Seven students have received homebound instruction since the beginning of the school year — one seventh grader, one eighth grader, two 11th graders, and three 12th graders.
One of those is the result of a disciplinary action, four are for medical reasons and two are for social, emotional or behavioral reasons, according to Leonardi’s report.
“Those are not out-of-whack, proportionally, to any other district at this time,” she said.
Leonardi’s report also addressed the District Management Council (DMC)’s 2015 Special Education and Struggling Students Opportunities Review report and work that’s been done, and still needs to be done, by the school district in response.
The DMC report identified six opportunities for growth in the school district and, according to Leonardi’s report, the district has begun work to address each of them.
One of those opportunities is to create and implement a consistent scientific research-based intervention (SRBI) model for kindergarten through fifth grade. Leonardi said she and Assistant Superintendent Chuck Smith have been “working to create a smooth continuum between the SRBI and the identification of special education.”
“That’s a piece of the work that is ongoing and that will be part of our overall department improvement plan that will fit in with the district improvement plan,” she said.
Another opportunity is “working toward increasing time spent by staff in direct service to students through increasing efficiencies in meetings and processes required by law.”
To address that, Leonardi said, she is working with staff to identify what pulls them away from time spent directly with students and how to change that.
Among the things that “drag staff away from students,” Leonardi said, are planning placement team (PPT) meetings. According to her report, the district had 443 PPTs between September and November:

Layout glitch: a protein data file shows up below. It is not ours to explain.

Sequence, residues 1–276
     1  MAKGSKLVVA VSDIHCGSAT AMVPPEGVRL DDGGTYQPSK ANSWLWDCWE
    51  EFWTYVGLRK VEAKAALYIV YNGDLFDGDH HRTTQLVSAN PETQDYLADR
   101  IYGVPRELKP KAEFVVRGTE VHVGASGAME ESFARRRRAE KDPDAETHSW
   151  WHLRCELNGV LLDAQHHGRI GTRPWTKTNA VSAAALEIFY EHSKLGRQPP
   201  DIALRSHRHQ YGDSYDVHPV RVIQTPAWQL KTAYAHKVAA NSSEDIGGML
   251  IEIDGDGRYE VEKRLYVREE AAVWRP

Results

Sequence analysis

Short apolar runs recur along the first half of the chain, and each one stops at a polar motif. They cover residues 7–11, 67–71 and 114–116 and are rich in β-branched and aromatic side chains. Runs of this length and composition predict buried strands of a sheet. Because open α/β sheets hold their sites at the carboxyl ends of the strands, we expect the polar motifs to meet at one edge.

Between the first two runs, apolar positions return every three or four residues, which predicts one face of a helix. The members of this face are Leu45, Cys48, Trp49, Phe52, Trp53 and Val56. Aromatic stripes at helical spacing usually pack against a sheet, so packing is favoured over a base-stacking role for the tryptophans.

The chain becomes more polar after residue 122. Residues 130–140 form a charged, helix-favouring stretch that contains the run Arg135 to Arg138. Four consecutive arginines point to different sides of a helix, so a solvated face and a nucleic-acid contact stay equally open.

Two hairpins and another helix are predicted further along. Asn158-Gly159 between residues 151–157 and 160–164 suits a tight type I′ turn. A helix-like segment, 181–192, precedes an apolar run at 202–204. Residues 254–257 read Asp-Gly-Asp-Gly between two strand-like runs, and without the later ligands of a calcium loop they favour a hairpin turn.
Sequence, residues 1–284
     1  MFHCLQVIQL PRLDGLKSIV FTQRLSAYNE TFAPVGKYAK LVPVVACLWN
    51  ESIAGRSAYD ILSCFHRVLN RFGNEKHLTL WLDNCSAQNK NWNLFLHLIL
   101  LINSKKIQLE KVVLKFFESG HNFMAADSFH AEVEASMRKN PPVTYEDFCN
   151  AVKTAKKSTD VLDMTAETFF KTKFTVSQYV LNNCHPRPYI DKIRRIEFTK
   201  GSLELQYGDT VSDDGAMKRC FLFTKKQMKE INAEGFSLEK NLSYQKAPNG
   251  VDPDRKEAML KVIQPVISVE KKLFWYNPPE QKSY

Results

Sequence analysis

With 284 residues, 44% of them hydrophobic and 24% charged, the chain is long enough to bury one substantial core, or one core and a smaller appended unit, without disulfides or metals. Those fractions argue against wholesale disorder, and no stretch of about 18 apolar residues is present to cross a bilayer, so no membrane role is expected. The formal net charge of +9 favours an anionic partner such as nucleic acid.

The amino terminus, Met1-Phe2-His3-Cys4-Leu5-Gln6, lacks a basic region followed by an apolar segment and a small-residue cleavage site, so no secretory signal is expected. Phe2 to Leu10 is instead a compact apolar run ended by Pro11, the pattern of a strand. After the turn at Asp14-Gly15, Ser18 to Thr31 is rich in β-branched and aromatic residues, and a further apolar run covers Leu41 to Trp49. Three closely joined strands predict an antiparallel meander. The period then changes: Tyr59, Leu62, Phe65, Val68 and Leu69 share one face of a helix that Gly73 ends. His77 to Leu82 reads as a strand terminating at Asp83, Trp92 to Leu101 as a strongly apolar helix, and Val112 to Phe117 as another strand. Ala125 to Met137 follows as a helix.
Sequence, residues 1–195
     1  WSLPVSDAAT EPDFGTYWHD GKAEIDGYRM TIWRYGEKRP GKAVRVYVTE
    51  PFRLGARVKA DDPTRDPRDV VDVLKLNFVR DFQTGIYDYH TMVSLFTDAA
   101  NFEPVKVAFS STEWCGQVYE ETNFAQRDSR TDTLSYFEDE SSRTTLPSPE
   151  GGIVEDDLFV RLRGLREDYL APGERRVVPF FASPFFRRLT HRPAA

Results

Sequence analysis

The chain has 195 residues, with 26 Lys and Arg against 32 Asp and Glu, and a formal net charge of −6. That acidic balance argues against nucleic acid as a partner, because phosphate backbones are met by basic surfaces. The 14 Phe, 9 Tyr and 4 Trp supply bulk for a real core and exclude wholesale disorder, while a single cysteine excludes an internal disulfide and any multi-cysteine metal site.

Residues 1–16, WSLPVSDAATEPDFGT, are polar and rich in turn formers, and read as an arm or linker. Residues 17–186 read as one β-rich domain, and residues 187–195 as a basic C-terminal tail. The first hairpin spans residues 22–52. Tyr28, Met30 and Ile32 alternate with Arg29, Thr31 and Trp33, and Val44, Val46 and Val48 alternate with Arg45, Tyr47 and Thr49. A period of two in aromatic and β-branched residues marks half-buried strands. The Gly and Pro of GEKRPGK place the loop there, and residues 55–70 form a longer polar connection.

- Preschool: 42
- Miller-Driscoll: 42
- Cider Mill: 94
- Middlebrook: 91
- Wilton High School: 174
“The preschool numbers are pretty in line with where they should be, but the high school numbers are way out of whack,” said Leonardi. “We need to start looking at what’s driving PPT meetings and look to bring that to a more reasonable place.”
Other DMC opportunities the district is focusing on are:
- Working with related services to understand scheduling and working toward things like greater efficiencies and grouping practices.
- Beginning work on streamlining paperwork, data collection, progress monitoring, and parent communication.
- Working with staff to prepare for meetings in order to increase efficiency of time spent away from students.
Board member Glenn Hemmerle said special education has been “a subject of conversation in this community for a long, long time,” and he encouraged “anyone in the public who has any interest in this area” to read Leonardi’s report.
“I think it would give everybody a clear understanding of what’s involved, what we’re about, how it works, why it works, etc.,” he said.
The report is available here.